As soon as the Mines update appeared on the App Store, it immediately started picking up one-star reviews like a horrible Katamari of failure. Some of them mentioned a bug that I knew about, where the timer sometimes wouldn't appear, but some mentioned a much uglier problem: there were no mines. That made no sense to me at all until a helpful comment here from Adam Wilcox, who sent me some screenshots that definitely showed mines (and their surrounding numbers) disappearing from the board as they were tapped.

I recognized that as a misapplication of the code I added to prevent the player from losing on the first move of the game; if you haven't opened up any of the board, and the first cell you touch is a mine, the game quietly removes that mine and acts as if there was empty space there all along. It sounded like that was somehow continuing to happen after the first move: the game simply wouldn't let you lose.

GDB came to the rescue, as it so often does: it informed me that a certain variable—the board view's “did that move just lose the game” value—was getting optimized away by the compiler in the Release build. As it turns out, I never initialized it, only set it to YES if a touch landed on a mine; the issue never came up in my testing because I always used the Debug configuration, in which, it appears, the compiler doesn't do that kind of meddling.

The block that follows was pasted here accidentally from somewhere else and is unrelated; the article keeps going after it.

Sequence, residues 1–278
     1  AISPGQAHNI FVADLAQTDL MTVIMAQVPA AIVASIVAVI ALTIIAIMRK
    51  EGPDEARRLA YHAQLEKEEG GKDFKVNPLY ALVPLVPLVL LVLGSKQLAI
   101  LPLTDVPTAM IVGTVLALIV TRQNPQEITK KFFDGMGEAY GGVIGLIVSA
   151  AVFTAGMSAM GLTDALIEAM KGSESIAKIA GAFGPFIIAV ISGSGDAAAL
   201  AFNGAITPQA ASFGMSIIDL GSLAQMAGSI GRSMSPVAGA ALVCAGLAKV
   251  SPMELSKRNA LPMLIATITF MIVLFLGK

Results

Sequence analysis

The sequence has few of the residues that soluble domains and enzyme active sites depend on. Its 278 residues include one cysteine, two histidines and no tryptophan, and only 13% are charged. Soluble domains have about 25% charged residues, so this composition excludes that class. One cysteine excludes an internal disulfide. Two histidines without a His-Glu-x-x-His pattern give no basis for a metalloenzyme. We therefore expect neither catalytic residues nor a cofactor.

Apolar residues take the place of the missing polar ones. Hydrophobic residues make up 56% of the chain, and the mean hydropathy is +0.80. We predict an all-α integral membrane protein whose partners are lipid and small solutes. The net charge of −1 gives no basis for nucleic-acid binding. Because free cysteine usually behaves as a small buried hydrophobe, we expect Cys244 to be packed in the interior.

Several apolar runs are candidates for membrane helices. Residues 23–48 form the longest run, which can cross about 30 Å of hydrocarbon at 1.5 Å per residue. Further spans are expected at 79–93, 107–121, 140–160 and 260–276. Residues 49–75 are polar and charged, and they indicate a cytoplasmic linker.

Lesson learned: test using the Release configuration. Mines is off the Store for the moment; I'll submit an update to Apple later today that'll fix the problem.

Labels: , ,


Back to work

Hi all. I've spent the time since I last posted this blog doing lots of things that really didn't preclude my continuing to write here. These included but were not limited to:

  • Working at Apple, as an intern in iPhone Apps & Frameworks. I'm pretty sure OS 4.0 has some of my code in it. Hooray!